The president of Japanese clothing retailer Uniqlo threatened to close its U.S. stores if President Donald Trump creates a policy that forces the company to manufacture its products in the United States. Speaking in New York last week, Tadashi Yanai, chairman and president of Fast Retailing, which owns Uniqlo, said he would “withdraw from the United States” if the policy was implemented. “We wouldn't be able to make really good products [in the U.S.] at costs that are beneficial to customers,” Yanai told Japan’s Asahi Shimbun. “If [manufacturing products in the U.S.] is not a good decision for consumers, it's meaningless to do business in the United States,” he added. At 50 stores, Uniqlo's presence in the U.S. is fairly limited. Still, Yanai said he hopes to open 20 to 30 stores per year.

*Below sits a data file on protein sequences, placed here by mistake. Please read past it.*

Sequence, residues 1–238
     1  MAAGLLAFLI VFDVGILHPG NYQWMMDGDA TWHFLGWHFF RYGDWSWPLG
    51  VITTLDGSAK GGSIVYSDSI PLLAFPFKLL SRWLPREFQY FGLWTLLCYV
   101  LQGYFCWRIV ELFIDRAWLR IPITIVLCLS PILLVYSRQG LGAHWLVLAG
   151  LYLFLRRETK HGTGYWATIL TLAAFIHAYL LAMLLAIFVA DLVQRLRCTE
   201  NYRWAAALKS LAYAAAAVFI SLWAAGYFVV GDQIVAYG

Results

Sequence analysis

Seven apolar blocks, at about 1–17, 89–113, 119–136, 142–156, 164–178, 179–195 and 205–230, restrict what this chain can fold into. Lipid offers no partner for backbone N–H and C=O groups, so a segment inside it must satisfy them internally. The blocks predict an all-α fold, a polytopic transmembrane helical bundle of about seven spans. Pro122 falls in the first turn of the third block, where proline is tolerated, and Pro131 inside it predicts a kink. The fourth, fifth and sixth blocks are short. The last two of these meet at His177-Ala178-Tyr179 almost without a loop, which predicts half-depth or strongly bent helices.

Total Retail's Take: President Donald Trump has threatened to impose a tariff on foreign imports coming into the U.S. as part of his campaign promise to revitalize American manufacturing. However, retail executives are fearful that the measure could significantly increase their production costs, which would in turn lead them to passing on the price increase to consumers. “At the end of the day, to tell American consumers to pay 20 percent more for apparel, footwear, home goods, I don’t see that being a good thing and it doesn’t make any sense to me,” said Kevin Mansell, Kohl's CEO and president, at Shoptalk last month. “Higher prices will minimize demand. The thing I know for sure is that prices are going to go up a lot.”